(Found at MicroHorror.)
énouement n. the bittersweetness of having arrived here in the future, where you can finally get the answers to how things turn out in the real world—who your baby sister would become, what your friends would end up doing, where your choices would lead you, exactly when you’d lose the people you took for granted—which is priceless intel that you instinctively want to share with anybody who hadn’t already made the journey with you, as if there was some part of you who had volunteered to stay behind, who was still stationed at a forgotten outpost somewhere in the past, who was still eagerly awaiting news from the front.
The donkeys are called Alfa and Beto. The man is Luis Soriano. Together they bring books to communities throughout Colombia’s Caribbean Sea hinterlands.
Since they began more than a dozen years ago, children’s picture books adventure stories have been among their patrons’ favorite deliveries. So it’s appropriately cool that Mr. Soriano and his burros feature twice in books of their own.
(Found at biblioklept.)
Harper’s recently published a fascinating, deeply ironic account how the game of Monopoly originated. It’s early versions were a kind of “open-source” game that illustrated how destructive monopolies were, and were never copyrighted. A few decades later, Charles Darrow claimed to have invented the game and patented it, earning millions for himself and Parker Brothers corporation.
Here are a handful of quotes to give you the gist before you read the whole thing. Which you should–it’s chockablock with gameplay, history, economics, philosophy, and trivia about your favorite/least favorite board game.
The game’s true origins…go unmentioned in the official literature. Three decades before Darrow’s patent, in 1903, a Maryland actress named Lizzie Magie created a proto-Monopoly as a tool for teaching the philosophy of Henry George, a nineteenth-century writer who had popularized the notion that no single person could claim to “own” land…George called private land ownership an “erroneous and destructive principle” and argued that land should be held in common, with members of society acting collectively as “the general landlord.”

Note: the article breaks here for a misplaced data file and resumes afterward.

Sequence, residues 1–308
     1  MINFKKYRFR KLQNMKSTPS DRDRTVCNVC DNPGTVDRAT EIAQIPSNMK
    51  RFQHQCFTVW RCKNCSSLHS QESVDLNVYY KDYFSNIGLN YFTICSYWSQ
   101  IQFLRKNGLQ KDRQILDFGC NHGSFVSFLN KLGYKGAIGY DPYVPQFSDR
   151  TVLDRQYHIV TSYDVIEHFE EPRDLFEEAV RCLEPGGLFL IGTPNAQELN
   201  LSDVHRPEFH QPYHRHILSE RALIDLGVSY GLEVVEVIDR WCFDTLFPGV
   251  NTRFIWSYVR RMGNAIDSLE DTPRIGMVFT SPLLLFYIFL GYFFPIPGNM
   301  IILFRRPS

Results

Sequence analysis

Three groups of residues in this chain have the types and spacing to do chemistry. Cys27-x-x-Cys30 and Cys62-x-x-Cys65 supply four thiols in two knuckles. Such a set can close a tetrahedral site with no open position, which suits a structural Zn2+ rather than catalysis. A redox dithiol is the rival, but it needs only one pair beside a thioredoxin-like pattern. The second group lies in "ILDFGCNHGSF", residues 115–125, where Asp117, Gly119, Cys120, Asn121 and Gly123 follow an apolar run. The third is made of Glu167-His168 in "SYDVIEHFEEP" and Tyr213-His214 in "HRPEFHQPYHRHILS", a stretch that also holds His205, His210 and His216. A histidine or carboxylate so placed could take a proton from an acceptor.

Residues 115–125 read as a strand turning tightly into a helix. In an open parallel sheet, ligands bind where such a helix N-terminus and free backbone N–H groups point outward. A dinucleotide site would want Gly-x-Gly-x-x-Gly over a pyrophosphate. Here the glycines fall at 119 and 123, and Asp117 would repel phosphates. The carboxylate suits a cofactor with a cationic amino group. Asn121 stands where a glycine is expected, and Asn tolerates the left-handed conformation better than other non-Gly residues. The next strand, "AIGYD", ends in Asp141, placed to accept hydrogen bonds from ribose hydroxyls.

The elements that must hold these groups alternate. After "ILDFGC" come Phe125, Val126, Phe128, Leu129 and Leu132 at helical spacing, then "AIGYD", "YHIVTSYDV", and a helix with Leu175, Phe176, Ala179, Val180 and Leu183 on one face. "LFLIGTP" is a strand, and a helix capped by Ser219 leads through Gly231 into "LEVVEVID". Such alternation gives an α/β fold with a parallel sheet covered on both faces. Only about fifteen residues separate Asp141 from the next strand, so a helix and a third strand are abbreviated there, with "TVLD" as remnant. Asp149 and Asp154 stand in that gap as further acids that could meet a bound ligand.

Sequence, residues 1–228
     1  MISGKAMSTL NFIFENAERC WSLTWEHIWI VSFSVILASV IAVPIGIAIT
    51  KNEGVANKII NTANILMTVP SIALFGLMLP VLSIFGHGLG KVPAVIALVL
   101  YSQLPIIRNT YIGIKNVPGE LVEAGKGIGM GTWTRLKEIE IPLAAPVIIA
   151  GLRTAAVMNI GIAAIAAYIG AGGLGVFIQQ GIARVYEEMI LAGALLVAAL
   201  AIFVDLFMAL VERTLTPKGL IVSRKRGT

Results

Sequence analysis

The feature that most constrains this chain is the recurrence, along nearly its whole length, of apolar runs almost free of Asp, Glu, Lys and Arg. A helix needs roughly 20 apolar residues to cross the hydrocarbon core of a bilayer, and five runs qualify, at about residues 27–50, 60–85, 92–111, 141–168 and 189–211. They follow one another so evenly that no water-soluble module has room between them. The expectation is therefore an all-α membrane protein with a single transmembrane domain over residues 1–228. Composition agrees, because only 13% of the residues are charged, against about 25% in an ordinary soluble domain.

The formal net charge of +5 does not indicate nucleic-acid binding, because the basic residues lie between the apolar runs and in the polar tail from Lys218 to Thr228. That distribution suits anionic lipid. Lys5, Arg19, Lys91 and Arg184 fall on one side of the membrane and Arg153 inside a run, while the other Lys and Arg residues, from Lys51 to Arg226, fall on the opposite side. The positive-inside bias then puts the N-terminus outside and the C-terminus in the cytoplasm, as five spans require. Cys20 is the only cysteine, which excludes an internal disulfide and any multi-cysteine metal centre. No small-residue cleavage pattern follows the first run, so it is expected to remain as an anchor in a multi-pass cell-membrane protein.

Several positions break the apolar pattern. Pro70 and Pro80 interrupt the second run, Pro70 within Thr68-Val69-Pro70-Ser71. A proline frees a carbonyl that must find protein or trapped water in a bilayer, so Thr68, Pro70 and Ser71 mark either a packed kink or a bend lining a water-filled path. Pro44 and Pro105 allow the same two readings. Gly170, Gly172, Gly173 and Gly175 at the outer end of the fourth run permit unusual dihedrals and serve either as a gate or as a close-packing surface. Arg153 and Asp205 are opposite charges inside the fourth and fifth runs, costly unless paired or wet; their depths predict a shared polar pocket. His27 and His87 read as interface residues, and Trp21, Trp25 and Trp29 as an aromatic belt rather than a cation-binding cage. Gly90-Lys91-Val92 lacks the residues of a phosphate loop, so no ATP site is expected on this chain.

The Landlord Game’s chief entertainment was the same as in Monopoly: competitors were to be saddled with debt and ultimately reduced to financial ruin, and only one person, the supermonopolist, would stand tall in the end. The players could, however, vote to do something not officially allowed in Monopoly: cooperate. Under this alternative rule set, they would pay land rent not to a property’s title holder but into a common pot—the rent effectively socialized so that, as Magie later wrote, “Prosperity is achieved.”
Sometime in 1932, [Charles] Darrow copied the layout of the board, the rules of play, the property names, the deed values, and the Chance cards, and made his own version of the game. His only innovation seems to have been to claim the mantle of sole inventor. He would soon be assumed into the pantheon of American heroes of commerce. The irony was [that] before being monopolized by a single person working in tandem with a corporation, Monopoly had in fact been “invented” by many people…
(Found at Harper’s Magazine.)